Zeroth Draft of The Straits of Galahesh is complete

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I'm posting this today, but I really finished it up last night. It wasn't really planned so exactly, but it's a nice bit of serendipity, timing this with the release day of Winds. What news would that be? That I'm more or less finished with the first draft of The Straits of Galahesh, Book 2 of the Lays of Anuskaya. I say more or less, because I haven't yet written the denouement. That'll only take about 1,000 or so words, and I can't finish it right now because the ending of the book is so much in flux.

Wait, what? You said you were done.

Yeah, I know. Let me see if I can explain that.

One of the things I try to do while I'm writing is "try things on for size." I'm a big proponent of what Orson Scott Card calls the idea net. While I'm wandering through my day, listening to NPR, talking with others, catching up on the Daily Show, while I'm writing; at all times I try to keep my mind open to the story ideas that come at us all the time. The mind is really good at filtering these things out. It's trained, through tens of thousands of years of evolution, to weed out what is unnecessary. By some estimates our brains take in something like 400 billion bits of information per second and focuses on only about 2,000 of those. That's a pretty efficient filter. It's difficult to train your mind to sense and then retain those things that are most interesting with respect to stories, but it can certainly be done.

As I write the zeroth draft, I try not to lock down on any ideas too tightly. I still allow new things to enter the creative process, even later in the book. And so, what I tend to find is that the story is still rather in flux at this point, especially the ending, which could have a number of possibilities. In other words, the clay is all on the table, and I'm about to begin working it for real at this point.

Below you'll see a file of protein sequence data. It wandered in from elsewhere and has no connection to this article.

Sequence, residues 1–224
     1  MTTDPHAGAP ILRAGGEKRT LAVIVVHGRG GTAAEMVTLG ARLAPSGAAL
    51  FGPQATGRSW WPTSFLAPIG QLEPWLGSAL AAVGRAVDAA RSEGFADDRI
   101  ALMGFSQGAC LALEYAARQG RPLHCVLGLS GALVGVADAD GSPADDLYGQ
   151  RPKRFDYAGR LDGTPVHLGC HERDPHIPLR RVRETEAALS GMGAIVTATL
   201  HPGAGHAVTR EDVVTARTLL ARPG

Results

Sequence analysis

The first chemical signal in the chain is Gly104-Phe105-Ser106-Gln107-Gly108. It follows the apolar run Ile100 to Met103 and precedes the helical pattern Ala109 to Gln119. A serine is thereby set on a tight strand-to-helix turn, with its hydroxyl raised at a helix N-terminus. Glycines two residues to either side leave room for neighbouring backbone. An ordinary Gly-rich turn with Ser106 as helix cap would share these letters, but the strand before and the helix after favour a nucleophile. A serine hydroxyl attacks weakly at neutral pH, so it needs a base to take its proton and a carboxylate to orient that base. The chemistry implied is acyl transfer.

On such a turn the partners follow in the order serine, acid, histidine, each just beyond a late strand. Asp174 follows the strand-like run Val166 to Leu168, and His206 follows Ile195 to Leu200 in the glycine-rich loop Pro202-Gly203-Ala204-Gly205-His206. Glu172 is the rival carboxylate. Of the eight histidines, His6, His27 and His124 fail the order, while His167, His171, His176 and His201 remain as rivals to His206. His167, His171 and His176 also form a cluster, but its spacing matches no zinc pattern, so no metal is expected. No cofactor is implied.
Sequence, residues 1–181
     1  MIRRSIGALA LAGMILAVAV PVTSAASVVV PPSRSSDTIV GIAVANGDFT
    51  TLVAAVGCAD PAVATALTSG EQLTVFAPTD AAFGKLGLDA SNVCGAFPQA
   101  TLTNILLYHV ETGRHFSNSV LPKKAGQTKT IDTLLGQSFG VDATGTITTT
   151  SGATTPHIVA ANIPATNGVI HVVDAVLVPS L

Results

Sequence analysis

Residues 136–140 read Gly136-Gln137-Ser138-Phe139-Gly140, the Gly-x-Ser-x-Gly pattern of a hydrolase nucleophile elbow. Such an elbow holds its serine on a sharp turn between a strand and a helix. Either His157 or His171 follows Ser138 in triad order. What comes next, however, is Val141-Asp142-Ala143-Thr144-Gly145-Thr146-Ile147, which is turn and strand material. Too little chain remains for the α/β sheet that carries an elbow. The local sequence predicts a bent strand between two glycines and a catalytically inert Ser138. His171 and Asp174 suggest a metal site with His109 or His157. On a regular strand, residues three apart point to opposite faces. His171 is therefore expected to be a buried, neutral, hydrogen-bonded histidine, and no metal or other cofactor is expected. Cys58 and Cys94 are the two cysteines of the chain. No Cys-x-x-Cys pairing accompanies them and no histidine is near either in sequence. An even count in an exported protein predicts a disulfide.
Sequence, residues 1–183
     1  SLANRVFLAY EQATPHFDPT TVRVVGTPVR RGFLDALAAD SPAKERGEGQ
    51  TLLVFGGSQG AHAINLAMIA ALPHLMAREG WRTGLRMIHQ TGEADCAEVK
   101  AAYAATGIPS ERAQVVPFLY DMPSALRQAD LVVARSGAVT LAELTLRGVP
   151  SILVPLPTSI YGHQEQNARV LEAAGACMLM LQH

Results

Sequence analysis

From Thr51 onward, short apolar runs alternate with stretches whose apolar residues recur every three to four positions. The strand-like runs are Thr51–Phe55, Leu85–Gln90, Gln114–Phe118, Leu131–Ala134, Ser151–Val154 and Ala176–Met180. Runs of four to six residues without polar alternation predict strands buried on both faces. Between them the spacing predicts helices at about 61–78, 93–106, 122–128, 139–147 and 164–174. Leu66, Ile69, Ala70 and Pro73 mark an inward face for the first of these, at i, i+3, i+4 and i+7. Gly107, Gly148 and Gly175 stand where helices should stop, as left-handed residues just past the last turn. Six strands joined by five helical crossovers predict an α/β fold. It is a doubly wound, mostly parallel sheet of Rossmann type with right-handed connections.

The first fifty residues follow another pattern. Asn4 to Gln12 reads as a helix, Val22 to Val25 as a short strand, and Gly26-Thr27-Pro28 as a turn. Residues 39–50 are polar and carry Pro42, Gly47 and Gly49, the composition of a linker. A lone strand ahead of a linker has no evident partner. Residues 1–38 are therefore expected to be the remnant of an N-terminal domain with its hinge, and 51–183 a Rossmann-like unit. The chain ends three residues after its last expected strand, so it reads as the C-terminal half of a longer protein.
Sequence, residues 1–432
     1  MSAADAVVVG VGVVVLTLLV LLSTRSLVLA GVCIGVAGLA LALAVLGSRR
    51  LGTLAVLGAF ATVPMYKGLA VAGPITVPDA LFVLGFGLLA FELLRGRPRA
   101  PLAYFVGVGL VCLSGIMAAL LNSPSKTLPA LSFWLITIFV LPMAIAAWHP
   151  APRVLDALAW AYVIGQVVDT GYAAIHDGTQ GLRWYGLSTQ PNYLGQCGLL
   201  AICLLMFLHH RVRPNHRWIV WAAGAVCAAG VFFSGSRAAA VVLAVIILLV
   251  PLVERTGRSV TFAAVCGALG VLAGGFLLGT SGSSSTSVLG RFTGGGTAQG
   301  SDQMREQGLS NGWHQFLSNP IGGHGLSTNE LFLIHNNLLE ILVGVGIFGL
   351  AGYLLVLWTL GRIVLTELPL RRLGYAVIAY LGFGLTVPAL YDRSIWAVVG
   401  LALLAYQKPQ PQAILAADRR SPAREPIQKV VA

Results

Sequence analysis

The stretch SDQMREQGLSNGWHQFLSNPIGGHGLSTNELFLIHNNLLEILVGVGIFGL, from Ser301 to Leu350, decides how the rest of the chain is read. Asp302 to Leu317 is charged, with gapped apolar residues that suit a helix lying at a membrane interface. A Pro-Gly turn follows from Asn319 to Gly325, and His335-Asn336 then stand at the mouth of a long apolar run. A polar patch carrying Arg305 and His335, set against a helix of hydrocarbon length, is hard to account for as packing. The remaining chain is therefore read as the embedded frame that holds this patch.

So while the denouement is not done, neither is the climax of the story. I really need to go back and start working the entire thing from the beginning and see which of the possibilities I have for the ending is going to work best.

I'm pretty much on time at this point, too. I started writing in June of last year and I set myself a goal of writing 20k words per month. That's what I've done to reach the 200k mark at this point. I'm planning on cutting a fair bit, maybe 20k words, but I also need to flesh out the story more in places, so I suspect it's going to end up somewhere between 190 and 200k.

I'm running a workshop in June of this year, the Wellspring Writing Workshop, which is based on the Blue Heaven workshop format. Finals mss are due roughly at the end of May, so that's my goal: to get this puppy in shape to turn in to the workshop, my beta readers, my agent, and my editor. I think it's doable. I'll probably always wish I had more time, but if I can average about a chapter edited per day, I think I'll be good.

Wish me luck!

5 Comments

  1. Paul Genesse

    April 2, 2011 at 10:23 pm

    Good luck, Brad! Well done and I'm looking forward to reading it very much. Your dedication is awesome, 20K a month is very impressive.
    Best wishes,
    Paul Genesse

  2. Greg

    April 3, 2011 at 10:32 am

    Ditto to what Paul said…congratulations on finishing draft #0!
    Greg
     

  3. Brad

    April 3, 2011 at 10:40 am

    Thanks, guys. It feels good, but also that I've only reached base camp 1. Onward!

  4. Paul (@princejvstin)

    April 4, 2011 at 9:04 am

    Luck!  and congratulations on the 0th draft of the second novel.
     
    How do you think this compares with the writing of The Winds of Khalakovo in terms of the challenge involved?

    • Brad

      April 4, 2011 at 9:49 am

      Thanks, Paul. I was actually talking about this with Pat Rothfuss the other day. That feels very name-droppey, but Greg and I just did an interview with him, and we were talking about the "muddle in the middle". It brought it up with respect to writing a single novel, but also as a way to talk to him about how the second book in a trilogy is similar to "the middle' of a novel. It's the part where you're expanding the possibilities that were presented in the beginning, but you're also removing some of those possibilities as you draw toward the end.

      So it's a bit of a bear, actually. And you're hamstrung a bit in terms of creativity because Book 1 is now gospel. You can't go back and change it. So those restrictions make it even tougher. I can see why Tolkien waited for 15 years to publish the entirety of The Lord of the Rings (not that he was under anywhere near the same constraints as the modern writer is).